NASA computer scientists were significant contributors to the original
NASA/DeBakey miniature heart assist pump, an updated version of which was
just named winner of NASA’s Commercial Invention of the Year Award.

Also known as a ‘ventricular assist device’ (VAD), the pump is currently
undergoing human trials with patients awaiting heart transplants. It is
based in part on technology used in space shuttle fuel and oxidizer pumps.
NASA computer engineers suggested improvements after simulating blood flow
through the pump using a NASA computer that normally models the flow of
fuel through rockets.

“Johnson Space Center and DeBakey Heart Center of Baylor College of
Medicine asked us to help them because of our experience with simulating
fluid flow through rocket engines,” said Dochan Kwak, chief of the NASA
Advanced Supercomputing Applications Branch at NASA’s Ames Research Center
in California’s Silicon Valley. He and colleague Cetin Kiris analyzed blood
flow through the battery-powered heart pump, whose blade normally spins as
fast as 10,000 rpm. “The speed of fluid flow through a rocket engine is
faster than blood flow, but very similar in many ways,” Kiris noted.

MicroMed Technology, Inc., Houston, manufactures the pump, now called the
DeBakey VAD*. It is intended as a long-term ‘bridge’ to a heart transplant,
or as a long-term device to help patients move toward recovery and a more
normal life. In European trials, the VAD was implanted in 115 people with
no device failure. U.S. trials will involve 178 implants; 21 have been
performed successfully to date.

During initial development of the one-inch by three-inch implantable axial
rotary heart pump, engineers noticed two major problems. Friction led to
damaged blood cells because the device created high shear flows through
pump parts. Further, there were stagnant regions in the pump that caused
blood clotting, a major problem with ventricular assist devices.

Following supercomputer simulations, NASA computer scientists were able to
reduce red blood cell damage to an amount comfortably below acceptable
limits. The improved blood flow pattern also reduced the tendency for blood
clots to form.

“We worked with the team to make the blood flow more smoothly through the
pump; that also removed the stagnant regions,” Kiris said. NASA Ames
scientists first began assisting the NASA/Baylor team in 1993, and continue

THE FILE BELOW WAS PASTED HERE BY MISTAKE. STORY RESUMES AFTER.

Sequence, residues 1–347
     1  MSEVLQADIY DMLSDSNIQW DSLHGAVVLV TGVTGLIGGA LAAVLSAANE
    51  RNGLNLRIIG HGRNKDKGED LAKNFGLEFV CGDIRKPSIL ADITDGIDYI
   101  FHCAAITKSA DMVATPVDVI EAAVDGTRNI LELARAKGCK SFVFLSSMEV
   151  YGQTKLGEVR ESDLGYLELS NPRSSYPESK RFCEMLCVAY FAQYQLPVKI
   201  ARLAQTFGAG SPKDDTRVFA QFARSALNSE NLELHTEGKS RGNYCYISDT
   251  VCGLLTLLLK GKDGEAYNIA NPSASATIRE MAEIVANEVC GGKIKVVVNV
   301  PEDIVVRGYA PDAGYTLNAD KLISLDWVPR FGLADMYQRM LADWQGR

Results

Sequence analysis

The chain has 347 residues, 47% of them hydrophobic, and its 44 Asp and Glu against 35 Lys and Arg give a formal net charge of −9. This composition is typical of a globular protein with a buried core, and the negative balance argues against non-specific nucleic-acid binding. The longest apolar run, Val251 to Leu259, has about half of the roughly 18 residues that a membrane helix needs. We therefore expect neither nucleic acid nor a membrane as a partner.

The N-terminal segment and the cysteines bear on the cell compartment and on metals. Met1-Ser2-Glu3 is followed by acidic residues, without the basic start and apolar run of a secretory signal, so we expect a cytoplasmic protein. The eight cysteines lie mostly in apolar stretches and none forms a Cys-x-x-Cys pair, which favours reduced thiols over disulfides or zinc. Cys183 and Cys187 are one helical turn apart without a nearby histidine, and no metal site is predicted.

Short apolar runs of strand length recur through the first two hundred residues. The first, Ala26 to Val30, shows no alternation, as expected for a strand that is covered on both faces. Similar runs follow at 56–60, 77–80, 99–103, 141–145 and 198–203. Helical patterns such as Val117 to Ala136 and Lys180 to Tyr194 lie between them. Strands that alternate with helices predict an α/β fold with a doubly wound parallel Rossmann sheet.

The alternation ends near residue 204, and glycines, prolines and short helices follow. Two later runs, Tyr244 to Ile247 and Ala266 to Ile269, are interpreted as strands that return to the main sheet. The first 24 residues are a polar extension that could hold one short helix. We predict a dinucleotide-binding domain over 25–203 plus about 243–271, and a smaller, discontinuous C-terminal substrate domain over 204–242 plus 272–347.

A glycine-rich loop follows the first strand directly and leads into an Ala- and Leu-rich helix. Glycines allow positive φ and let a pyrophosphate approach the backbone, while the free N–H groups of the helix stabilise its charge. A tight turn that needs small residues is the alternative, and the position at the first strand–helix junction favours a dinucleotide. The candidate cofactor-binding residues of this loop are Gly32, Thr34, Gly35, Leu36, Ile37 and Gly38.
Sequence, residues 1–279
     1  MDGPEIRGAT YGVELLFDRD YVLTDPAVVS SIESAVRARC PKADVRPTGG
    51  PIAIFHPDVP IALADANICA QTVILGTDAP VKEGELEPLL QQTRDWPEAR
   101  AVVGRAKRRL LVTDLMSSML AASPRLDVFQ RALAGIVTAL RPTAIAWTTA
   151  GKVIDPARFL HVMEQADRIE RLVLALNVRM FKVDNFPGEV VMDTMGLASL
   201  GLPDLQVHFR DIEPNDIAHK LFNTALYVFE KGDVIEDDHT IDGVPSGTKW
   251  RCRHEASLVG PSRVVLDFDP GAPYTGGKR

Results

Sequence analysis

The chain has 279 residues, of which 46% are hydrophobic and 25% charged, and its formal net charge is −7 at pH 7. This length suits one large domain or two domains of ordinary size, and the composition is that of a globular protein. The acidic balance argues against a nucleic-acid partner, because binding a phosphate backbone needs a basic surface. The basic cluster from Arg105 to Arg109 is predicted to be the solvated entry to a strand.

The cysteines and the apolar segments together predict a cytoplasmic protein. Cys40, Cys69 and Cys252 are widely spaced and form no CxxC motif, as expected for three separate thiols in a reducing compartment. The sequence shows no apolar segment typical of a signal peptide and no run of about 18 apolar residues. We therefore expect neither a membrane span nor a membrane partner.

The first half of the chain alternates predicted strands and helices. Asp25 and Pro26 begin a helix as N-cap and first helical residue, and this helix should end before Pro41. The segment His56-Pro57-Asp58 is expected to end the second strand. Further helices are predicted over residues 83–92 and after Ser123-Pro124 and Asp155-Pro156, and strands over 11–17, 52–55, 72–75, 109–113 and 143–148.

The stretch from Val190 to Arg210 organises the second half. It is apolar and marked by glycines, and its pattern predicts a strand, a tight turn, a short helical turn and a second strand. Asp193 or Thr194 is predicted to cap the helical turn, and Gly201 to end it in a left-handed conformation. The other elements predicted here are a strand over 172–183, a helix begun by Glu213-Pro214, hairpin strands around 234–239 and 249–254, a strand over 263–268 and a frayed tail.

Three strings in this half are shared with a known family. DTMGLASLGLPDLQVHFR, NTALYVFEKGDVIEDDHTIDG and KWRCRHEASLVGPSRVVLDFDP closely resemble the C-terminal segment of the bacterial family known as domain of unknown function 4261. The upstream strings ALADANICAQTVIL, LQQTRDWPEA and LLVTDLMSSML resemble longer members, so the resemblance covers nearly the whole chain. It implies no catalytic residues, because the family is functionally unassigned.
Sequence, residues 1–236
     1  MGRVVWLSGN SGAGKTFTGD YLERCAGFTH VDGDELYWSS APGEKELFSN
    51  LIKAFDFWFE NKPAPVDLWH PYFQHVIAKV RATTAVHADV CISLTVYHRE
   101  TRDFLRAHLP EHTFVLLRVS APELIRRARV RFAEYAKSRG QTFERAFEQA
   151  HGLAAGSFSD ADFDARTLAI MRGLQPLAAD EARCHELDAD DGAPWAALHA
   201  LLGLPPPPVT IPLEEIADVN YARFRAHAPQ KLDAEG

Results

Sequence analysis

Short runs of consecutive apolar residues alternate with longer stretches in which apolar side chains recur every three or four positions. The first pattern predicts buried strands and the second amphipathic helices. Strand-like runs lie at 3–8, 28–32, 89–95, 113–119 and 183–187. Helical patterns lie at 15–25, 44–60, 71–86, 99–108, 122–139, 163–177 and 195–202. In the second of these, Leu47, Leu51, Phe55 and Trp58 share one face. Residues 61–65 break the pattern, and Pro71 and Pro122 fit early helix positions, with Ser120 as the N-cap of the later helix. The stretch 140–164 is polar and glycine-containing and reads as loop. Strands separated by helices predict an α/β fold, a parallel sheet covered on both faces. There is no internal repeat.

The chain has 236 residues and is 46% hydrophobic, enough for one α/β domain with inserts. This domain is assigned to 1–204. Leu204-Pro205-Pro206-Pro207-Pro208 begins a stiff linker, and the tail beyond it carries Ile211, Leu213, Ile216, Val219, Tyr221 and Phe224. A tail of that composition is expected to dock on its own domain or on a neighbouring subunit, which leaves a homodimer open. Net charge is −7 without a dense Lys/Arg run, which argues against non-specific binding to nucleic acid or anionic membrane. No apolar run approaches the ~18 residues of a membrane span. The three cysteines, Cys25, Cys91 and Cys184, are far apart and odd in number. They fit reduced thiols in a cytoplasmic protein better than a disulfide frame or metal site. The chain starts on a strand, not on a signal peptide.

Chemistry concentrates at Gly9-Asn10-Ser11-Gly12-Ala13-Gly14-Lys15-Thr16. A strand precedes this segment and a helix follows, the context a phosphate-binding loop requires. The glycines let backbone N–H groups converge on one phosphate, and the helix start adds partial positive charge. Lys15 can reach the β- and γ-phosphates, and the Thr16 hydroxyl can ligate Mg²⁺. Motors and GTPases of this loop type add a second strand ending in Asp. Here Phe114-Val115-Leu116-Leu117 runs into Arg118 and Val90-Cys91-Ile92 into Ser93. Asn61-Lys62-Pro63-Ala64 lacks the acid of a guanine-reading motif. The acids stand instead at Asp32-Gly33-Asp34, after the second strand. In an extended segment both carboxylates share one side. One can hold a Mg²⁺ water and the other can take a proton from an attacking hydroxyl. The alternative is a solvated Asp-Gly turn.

to collaborate with them.

In keeping with its mission of transferring space-based technology to the
private sector, in 1996 NASA granted exclusive technology rights to
MicroMed Technology Inc. after a period of intense competition.

“Without the support of the NASA supercomputer design experts, the pump
would not function as efficiently as it has,” said Dallas Anderson,
president and CEO of MicroMed.

Within two years of receiving the NASA license for the pump, MicroMed
gained international quality and electronic standards certifications, got
permission to begin clinical trials in Europe and implanted the first
device. The first patient, a 56-year-old man, received the DeBakey VAD* in
November 1998, in Berlin. The pump functioned normally and to its design
specifications, Anderson said. The device has been implanted for periods of
up to one year in individual patients, thus far.

“There are three groups who made this effort successful,” Kwak said. “The
medical team led by Dr. Michael DeBakey and Dr. George Noon, the systems
engineers at Johnson Space Center, and the Ames computational team that
used NASA supercomputer know-how to help develop the VAD*.”

The concept for the pump began years ago with talks between DeBakey and one
of his heart transplant patients, David Saucier, a NASA Johnson engineer
who passed away in 1996.

Six months after his 1984 heart transplant, Saucier was back at work. With
fellow NASA employees, as well as DeBakey, Noon and other Baylor staff,
Saucier worked evenings and weekends on the initial pump design.

“Since my own transplant, I have spent a lot of time visiting people who
are waiting for a donor heart,” Saucier said at the time. NASA began
funding the project in 1992.

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